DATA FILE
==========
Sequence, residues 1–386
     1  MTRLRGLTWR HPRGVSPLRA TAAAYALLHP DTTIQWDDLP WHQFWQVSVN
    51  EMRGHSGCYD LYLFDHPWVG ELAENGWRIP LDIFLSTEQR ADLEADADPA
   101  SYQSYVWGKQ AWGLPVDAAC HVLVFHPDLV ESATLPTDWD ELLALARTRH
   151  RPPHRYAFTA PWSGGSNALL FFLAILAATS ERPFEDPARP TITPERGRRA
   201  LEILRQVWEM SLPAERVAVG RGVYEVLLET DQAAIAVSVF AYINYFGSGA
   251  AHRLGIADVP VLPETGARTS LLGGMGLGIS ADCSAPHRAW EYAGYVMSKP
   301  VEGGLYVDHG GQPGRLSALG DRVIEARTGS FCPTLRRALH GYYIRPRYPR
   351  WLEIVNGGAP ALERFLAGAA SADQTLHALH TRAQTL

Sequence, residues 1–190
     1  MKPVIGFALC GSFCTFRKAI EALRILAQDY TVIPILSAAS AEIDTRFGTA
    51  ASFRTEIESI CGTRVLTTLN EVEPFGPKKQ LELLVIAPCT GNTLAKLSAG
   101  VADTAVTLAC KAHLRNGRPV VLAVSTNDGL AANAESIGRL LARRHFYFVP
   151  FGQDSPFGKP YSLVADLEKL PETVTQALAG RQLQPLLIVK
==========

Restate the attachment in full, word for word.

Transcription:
Sequence, residues 1–386
     1  MTRLRGLTWR HPRGVSPLRA TAAAYALLHP DTTIQWDDLP WHQFWQVSVN
    51  EMRGHSGCYD LYLFDHPWVG ELAENGWRIP LDIFLSTEQR ADLEADADPA
   101  SYQSYVWGKQ AWGLPVDAAC HVLVFHPDLV ESATLPTDWD ELLALARTRH
   151  RPPHRYAFTA PWSGGSNALL FFLAILAATS ERPFEDPARP TITPERGRRA
   201  LEILRQVWEM SLPAERVAVG RGVYEVLLET DQAAIAVSVF AYINYFGSGA
   251  AHRLGIADVP VLPETGARTS LLGGMGLGIS ADCSAPHRAW EYAGYVMSKP
   301  VEGGLYVDHG GQPGRLSALG DRVIEARTGS FCPTLRRALH GYYIRPRYPR
   351  WLEIVNGGAP ALERFLAGAA SADQTLHALH TRAQTL

Sequence, residues 1–190
     1  MKPVIGFALC GSFCTFRKAI EALRILAQDY TVIPILSAAS AEIDTRFGTA
    51  ASFRTEIESI CGTRVLTTLN EVEPFGPKKQ LELLVIAPCT GNTLAKLSAG
   101  VADTAVTLAC KAHLRNGRPV VLAVSTNDGL AANAESIGRL LARRHFYFVP
   151  FGQDSPFGKP YSLVADLEKL PETVTQALAG RQLQPLLIVK